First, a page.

For once I entirely agree with Mr Gove! As a History graduate myself I believe that a clear chronology is essential to understanding cause, effect and development. It seems to be creating opposition because it is difficult to achieve not because it is the wrong thing to do!
With the January exams underway or in prospect for thousands of UK schoolchildren now is the time when a growing number of parents and students are recognising the measurable benefits of private tuition.
The growth in modern technology is making the process of delivering private tutorials much easier with platforms such as Webtutornet, part of Kensington and Chelsea Tutors, pioneering face to face online tuition.
Established in 2012, Webtutornet is the brainchild of Nevil Chiles who established K&C Tutors back in 2002. Now recognised as one of the premier private tuition agencies in London and the South East, K&C Tutors has helped thousands of students of all ages, from 4 to 84, improve their academic performance.
Specifically designed for Webtutornet, the technology allows student and tutor to conduct safe and secure scheduled tutorials over the internet with webcam and microphone allowing for the delivery of a lesson without ever having to leave home.
Each tutor and student pays a fee of £50 to register with Webtutornet and they then receive a pack containing a webcam, microphone, mouse pad and pen that connects tutor and pupil allowing for the sharing of online resources, both safely and securely, during a tutorial with no software required.
“This is the time of the year when pupils face their first major challenges and parents get to judge where the strengths and weaknesses of their child’s education lie,” explained Nevil “and increasingly the option of topping up school lessons with in person or online private tuition is giving children a much better start in life.
“It’s estimated that one in four pupils within London use private tuition. Across the UK as a whole it’s reckoned that one in five state pupils have received personal tuition at some point in time. The increase in demand over the past decade has been considerable and there’s no sign of that reducing despite the economic climate.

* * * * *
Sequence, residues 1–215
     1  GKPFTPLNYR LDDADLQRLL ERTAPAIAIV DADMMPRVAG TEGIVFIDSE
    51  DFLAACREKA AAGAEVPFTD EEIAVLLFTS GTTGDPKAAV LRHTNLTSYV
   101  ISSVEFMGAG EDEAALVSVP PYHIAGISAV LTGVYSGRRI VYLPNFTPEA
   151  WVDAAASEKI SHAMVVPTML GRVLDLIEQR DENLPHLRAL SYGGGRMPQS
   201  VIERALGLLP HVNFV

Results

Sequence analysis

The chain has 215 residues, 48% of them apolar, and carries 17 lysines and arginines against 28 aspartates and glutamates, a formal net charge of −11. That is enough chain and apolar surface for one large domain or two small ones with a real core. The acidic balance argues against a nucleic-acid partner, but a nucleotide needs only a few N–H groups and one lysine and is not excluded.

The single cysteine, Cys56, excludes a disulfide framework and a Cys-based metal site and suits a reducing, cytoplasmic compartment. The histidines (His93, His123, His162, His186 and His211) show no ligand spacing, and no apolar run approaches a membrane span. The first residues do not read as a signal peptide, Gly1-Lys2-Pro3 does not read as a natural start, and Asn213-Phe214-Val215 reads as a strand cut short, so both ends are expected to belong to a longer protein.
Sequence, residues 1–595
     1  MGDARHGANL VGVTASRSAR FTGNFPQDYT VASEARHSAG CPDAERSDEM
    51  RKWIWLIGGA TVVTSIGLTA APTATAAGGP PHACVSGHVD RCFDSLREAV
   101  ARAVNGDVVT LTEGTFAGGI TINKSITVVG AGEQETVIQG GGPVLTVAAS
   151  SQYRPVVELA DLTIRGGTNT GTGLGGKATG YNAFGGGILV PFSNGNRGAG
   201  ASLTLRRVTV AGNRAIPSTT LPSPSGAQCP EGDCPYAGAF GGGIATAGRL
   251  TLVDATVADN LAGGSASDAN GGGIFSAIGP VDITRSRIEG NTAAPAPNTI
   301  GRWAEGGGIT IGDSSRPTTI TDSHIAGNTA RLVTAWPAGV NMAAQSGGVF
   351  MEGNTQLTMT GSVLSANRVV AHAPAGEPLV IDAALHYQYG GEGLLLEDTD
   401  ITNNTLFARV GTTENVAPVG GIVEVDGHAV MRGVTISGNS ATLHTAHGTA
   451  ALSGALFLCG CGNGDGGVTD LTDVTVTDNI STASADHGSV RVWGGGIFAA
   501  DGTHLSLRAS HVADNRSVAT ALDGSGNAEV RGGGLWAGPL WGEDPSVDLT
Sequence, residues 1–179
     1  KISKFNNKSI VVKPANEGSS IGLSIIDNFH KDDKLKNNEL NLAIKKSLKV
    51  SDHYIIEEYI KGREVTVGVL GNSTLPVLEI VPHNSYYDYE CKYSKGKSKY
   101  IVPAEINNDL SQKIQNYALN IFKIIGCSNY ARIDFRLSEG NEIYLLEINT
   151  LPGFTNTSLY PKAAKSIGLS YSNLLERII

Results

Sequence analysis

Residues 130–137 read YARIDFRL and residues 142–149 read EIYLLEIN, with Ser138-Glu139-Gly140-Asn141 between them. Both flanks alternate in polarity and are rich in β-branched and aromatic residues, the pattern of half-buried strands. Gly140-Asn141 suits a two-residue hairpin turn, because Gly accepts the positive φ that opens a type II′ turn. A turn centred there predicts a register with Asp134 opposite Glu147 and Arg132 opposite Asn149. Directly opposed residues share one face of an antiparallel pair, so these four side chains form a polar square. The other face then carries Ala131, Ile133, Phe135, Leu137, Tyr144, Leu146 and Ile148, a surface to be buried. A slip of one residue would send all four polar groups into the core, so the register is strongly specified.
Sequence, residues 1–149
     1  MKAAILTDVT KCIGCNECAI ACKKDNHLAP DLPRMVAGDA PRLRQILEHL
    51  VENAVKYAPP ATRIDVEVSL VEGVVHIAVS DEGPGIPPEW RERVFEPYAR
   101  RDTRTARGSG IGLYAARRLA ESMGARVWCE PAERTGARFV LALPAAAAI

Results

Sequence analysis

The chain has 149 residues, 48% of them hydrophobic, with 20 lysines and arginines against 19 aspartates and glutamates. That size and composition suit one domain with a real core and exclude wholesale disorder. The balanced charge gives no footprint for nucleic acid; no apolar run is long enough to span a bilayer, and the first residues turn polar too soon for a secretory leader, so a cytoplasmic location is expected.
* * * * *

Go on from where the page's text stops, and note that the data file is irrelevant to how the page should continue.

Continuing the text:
“On the back of this growth there’s a burgeoning interest in how private tutorials can be delivered more flexibly using online technology and Webtutornet is one of a number of providers that can connect thousands of tutors across a wide range of subjects with students.
“We’ve already had pupils engaged in productive one hour and two hour online lessons with tutors who are based on the other side of the planet
“There are however inevitably major considerations for parents such as the quality and reputation of the tutor and the safety and security of the system that’s utilised.
“This is not some form of Skype style approach but a strictly controlled process in which personally delivered private tuition is mimicked online with defined lesson times and costs.
“Webtutornet and K&C Tutors take these concerns very seriously and that is why each and every tutor is interviewed, vetted and CRB checked,” added Nevil who has personally conducted interviews with over 2000 tutors over the past decade.
Mother of three Erica from Oxfordshire was one of the first to recognise the benefits of the Webtutornet approach: “When considering online tuition for your children it’s important that the process replicates the nature of a personal visit to or from a private tutor.
“Your child has to be ready to start at the preset time or they may miss part of the lesson. This is crucial to structuring their understanding.